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10 Years of FILTER: Issue #12 Revisited, Getting To Know, The Fever, Le Tigre + More (Fall 2004)

By Staff on May 9, 2012


10 Years of FILTER: Issue #12 Revisited, Getting To Know, The Fever, Le Tigre + More (Fall 2004)

2012 marks FILTER Magazine's tenth year in print.. To celebrate, we are looking back at some of our favorite magazine features, from July 2002’s Issue #1 all the way up to this coming November’s Issue #50.

Getting To Know is a section in the magazine that serves as a good gauge for our predictions of greatness. In FILTER Issue #11, released Summer 2004, we introduced The Fever, Le Tigre, Magnet, Hope of the States and West Indian Girl. Here is a brief look at those artists, then and now.

Stay tuned for Issue #12's complete Interpol cover story to be posted later this week.

Getting To Know Recap

ISSUE 12: Fall 2004

Band: The Fever

Where The Band Was Then: Following the release of Red Ballroom (2003), the band was enjoying the exposure they received as supporting acts for bands such as Hot Hot Heat, Moving Units and Death from Above 1979.

Where The Band Is Now:
After the departure of guitarist Chris Sanchez, the Fever struggled to maintain a cohesive cast of musicians and consequently disbanded after the release of In the City of Sleep (2006).

Band Said: “I wanted to create this basis of a machine or a clock or something organically industrial sounding, and then just throw everything else on top; throw the emotion on top.”

FILTER Said:…underneath all the influences, whatever they are, there is an uncategorizeable element that remains a mystery. Like all good bands, Fever is giving us something both familiar and completely new.

Photo by Kirsten Luce

Band: Le Tigre

Where They Were Then: Springing forth from the womb of Riot Grrrl, the feminist electro-punk group was shaking hips and the status quo while inspiring a wave of girly mustaches with their first major label release, This Island (2004), on Universal.

Where They Are Now: Although Le Tigre decided to go on hiatus in 2007, the ladies have kept themselves busy by working and recording with other artists such as Peaches, Yoko Ono, and Chicks on Speed.

Band Said: “I felt there was a real kind of hipsterism that was passing as progressive thought, when it was really just ironic appropriation of really conservative values. With Le Tigre, we’ve always been into sincerity, our form of critique.”

FILTER Said: Le Tigre has remained a paragon of fierce integrity while making unabashedly danceable and original politically-heated music that crosses punk with electro, and spoken word with ’80s pop.

Band: Magnet

Where He Was Then: Magnet proved that getting tattooed by a witch doctor at 13 can actually be good thing, especially when the tattoo cures your anemia and allows you to play lap steel guitar on albums that get you signed to Atlantic Records.

Where He Is Now: After several years of supporting acts such as Phoenix, Zero 7, and Stars, Magnet digitally released his fifth full-length album, Ferrofluid (2011), exclusively in his country of Norway.

Band Said: “Through music, you can pretend that you’re existing on the outside, that the rules and regulations don’t apply, I mean, obviously they do, and I do understand that…but well, in the Spaghetti Western films, the guy that sorts everything out is always a nobody.”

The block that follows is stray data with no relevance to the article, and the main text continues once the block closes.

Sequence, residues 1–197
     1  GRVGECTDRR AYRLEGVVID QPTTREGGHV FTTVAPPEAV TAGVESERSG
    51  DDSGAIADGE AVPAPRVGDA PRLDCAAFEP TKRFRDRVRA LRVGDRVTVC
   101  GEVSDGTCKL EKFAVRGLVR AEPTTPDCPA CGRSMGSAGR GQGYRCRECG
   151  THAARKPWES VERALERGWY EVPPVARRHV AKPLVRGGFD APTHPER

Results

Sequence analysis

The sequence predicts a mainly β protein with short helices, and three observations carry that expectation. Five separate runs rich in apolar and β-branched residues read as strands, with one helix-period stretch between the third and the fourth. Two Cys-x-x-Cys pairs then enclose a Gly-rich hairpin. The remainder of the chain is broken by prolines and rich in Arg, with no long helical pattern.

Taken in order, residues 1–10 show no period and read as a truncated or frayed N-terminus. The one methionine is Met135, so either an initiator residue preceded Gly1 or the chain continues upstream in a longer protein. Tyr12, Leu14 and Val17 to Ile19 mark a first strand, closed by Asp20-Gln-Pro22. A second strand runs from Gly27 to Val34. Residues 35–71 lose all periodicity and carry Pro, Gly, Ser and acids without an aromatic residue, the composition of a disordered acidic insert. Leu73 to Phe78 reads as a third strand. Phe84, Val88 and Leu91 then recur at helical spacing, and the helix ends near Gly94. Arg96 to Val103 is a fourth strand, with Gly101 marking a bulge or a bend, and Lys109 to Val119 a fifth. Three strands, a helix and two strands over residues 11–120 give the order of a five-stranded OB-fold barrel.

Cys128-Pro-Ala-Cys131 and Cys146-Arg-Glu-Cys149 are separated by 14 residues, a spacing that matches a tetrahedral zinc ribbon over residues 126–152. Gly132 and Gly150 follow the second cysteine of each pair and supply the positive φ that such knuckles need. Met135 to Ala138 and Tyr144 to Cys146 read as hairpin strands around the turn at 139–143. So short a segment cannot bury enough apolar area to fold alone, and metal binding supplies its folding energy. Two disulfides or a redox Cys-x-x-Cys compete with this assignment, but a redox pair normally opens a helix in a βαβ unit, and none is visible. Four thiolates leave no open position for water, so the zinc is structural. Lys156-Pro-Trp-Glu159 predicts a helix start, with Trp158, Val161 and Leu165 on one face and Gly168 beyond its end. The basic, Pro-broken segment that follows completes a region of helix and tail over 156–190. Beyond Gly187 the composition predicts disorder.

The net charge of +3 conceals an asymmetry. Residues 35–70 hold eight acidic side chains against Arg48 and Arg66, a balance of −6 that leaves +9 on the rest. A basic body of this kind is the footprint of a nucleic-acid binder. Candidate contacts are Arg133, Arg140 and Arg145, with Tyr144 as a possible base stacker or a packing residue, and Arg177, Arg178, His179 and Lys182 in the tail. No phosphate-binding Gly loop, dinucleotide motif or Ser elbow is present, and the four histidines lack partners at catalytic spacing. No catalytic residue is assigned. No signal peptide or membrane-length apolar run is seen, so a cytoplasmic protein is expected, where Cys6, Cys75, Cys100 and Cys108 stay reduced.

FILTER Said: You might assume he’s out of sync with the ebb and flow of reality. But he’s a man whose life has always existed two steps into the fantastic, and like any good artist he plays all the roles: full-time participant, sometime escapist, distant observer and knowing commentator.

Band: Hope of the States

Where The Band Was Then: Following the suicide of guitarist James Lawrence, Hope of the States found themselves in Ireland recording their haunting and successful first full-length, The Last Riots.

Where The Band Is Now: After recording their second full-length album, Left (2006), the band performed their final show at that year’s Reading and Leeds Festivals. In 2007, former guitarist and drummer, Sam Herilhy and Simon Jones, went on to form the British indie-rock group, The Northwestern.

Band Said: “We’ve always wanted to take those big arrangements and big sounds, but make pop songs out of them.”

FILTER Said: Marrying post-rock transcendence of Godspeed You Black Emperor! To the reflective melodic bombast of Spiritualized and the Verve, they’ve created The Last Riots.

Photo by Charles Kang

Band: West Indian Girl

Where the Band Was Then: The group was earning their psychedelic moniker by recalling the golden age of Californian free love with their Technicolored self-titled debut.

Where the Band Is Now: Since their 2004 debut, the group has joined and left the rosters of several independent labels just as several musicians have joined and left the band's roster. Nevertheless, founding members, Robert James and Francis Ten, carry on with plans to release a new full-length album sometime in 2012.

Band Said: “We use a lot of different instruments and a lot of different layers to create all the textures—to bring it all out.”

FILTER Said: West Indian Girl doesn’t claim to have a trademark sound, but they can identify timelessness and universality with relative ease.